Lundin Family Endowed Chair of Economic Geology and assistant professor in the Department of Geosciences
World-traveler Lands in Lundin Family Endowed Chair in Economic Geology
Hervé Rezeau’s wanderlust and earth science interests have sent the French native to countries on five continents, including the United States, where, as a Swiss National Science Foundation postdoctoral fellow, he was a scientist at the Massachusetts Institute of Technology (MIT). Now he’s landed in Tucson as the University of Arizona’s Lundin Family Endowed Chair of Economic Geology and an assistant professor in the Department of Geosciences.
“I always dreamed about a job that allows me to travel the world and discover new cultures,” says the 35-year-old economic geologist.
He calls the UArizona a “renowned” institution in the “heart of a world-class metallogenic belt, where the mining industry is booming.” That sets the stage he needs to further his research on magmatic processes that create natural resources. “I was very excited about the research collaboration opportunities with leading research groups in tectonics and igneous petrology,” Rezeau says. “The economic geology group is internationally known.”
He also was drawn to the campus’s world-class analytical facilities, including the Arizona LaserChron Center, Arizona Noble Gas Laboratory and Arizona Radiogenic Helium Dating Laboratory.
Rezeau’s doctoral work in southern Armenia yielded publication of four first-author papers. He tested the use of zircon trace element geochemistry as a potential method to find porphyry copper systems and found it highly risky. He identified magmatic-hydrothermal cycles where economic deposits are formed at the end of each magmatic series. His reinterpretation of the genetic model that formed the largest porphyry deposit in the Lesser Caucasus could lead to new mineral resource exploration in the region.
At UArizona, he plans to continue studying the magmatic forces that transport metals from the mantle and the geochemical processes leading to economic metal repository at Earth’s near-surface. This could lead to using rock and mineral chemistry to more accurately locate hidden ore deposits for mining potential. He’s eyeing Argentina for research in the Andes.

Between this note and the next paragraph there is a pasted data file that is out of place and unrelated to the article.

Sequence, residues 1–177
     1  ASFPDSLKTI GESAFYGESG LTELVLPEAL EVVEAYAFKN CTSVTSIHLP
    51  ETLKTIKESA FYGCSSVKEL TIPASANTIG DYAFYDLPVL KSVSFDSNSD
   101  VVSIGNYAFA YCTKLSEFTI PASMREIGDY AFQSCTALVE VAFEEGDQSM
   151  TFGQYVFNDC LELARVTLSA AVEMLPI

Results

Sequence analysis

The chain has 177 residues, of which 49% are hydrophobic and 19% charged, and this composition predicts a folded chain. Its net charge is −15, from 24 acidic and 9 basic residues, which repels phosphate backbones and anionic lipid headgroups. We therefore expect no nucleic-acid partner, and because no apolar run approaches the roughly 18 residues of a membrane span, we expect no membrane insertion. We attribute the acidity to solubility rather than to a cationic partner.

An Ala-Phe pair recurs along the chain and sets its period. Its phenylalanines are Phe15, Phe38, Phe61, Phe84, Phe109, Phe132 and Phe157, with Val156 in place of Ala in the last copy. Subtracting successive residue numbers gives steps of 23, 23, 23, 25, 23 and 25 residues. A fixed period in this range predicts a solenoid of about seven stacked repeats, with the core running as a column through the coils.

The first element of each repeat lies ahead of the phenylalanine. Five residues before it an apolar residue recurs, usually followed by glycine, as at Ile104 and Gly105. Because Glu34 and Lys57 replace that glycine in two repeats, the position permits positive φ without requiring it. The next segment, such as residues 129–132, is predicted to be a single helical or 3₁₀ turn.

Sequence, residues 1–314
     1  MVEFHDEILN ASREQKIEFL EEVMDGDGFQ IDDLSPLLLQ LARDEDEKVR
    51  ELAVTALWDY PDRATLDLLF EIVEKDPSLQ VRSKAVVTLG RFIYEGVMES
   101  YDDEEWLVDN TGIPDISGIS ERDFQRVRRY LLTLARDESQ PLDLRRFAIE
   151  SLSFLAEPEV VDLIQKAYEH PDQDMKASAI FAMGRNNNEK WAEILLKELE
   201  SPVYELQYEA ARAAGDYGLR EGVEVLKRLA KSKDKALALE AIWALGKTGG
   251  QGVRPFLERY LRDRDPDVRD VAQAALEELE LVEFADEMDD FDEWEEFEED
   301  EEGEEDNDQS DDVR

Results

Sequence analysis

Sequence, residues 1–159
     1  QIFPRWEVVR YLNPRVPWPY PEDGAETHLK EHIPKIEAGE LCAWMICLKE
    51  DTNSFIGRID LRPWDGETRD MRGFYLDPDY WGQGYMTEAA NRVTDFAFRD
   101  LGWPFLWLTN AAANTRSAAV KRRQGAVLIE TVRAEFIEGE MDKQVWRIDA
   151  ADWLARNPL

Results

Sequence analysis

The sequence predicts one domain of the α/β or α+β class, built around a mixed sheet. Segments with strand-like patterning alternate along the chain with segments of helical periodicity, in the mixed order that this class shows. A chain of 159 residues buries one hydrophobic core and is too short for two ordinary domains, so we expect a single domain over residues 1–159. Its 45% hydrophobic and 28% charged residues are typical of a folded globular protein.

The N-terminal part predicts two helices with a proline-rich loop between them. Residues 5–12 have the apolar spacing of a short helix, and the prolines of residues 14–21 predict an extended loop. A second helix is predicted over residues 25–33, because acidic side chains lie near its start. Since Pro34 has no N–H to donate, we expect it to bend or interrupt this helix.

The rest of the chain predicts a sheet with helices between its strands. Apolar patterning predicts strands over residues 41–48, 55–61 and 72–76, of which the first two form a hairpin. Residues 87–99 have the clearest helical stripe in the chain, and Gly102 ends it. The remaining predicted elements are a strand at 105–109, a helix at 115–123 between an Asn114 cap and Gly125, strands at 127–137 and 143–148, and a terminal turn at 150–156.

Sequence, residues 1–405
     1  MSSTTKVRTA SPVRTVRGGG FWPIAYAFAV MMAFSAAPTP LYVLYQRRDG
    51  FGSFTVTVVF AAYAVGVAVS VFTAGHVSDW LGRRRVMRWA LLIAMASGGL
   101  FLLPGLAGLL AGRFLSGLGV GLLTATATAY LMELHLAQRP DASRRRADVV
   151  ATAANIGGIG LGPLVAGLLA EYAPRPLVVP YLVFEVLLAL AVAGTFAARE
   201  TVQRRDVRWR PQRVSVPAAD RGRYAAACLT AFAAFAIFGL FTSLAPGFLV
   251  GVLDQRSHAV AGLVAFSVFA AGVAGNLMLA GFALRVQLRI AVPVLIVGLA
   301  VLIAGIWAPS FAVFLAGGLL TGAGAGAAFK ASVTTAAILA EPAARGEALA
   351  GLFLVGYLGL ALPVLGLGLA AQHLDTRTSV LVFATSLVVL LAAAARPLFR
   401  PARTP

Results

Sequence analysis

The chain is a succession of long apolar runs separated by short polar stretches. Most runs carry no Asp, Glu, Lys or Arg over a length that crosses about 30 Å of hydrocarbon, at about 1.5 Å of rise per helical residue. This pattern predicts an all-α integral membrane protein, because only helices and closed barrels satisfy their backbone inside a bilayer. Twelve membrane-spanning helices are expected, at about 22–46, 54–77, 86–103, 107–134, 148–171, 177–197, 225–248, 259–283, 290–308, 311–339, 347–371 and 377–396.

By fall 2022, Rezeau expects to have master and doctoral students work on two lines of research: investigating magmatic-hydrothermal processes associated with world-class porphyry-epithermal copper-gold deposits and studying the relationships between exhumation processes and the preservation potential of ore deposits.
He additionally would like to find a way to encourage diversity among economic geologists. With his personal ties to Kenya, he’d like to create an educational pipeline with fellowship opportunities between UArizona and earth science institutions in east Africa. “My goal is to produce well-rounded economic geologists who are highly competitive for both academic and mining industry employment,” he says.
Rezeau is looking forward to helping establish the new School of Mining and Mineral Resources. He’d like to develop educational content for an online certificate in economic geology. Another idea is to run a monthly mineral resources “Lundin seminar series” that will attract speakers and attendees from colleges across the university, as well as involve industry players.
“The creation of this school provides opportunities to build a long-term vision on the future of economic geology and mineral resources in the U.S. and worldwide,” says Rezeau.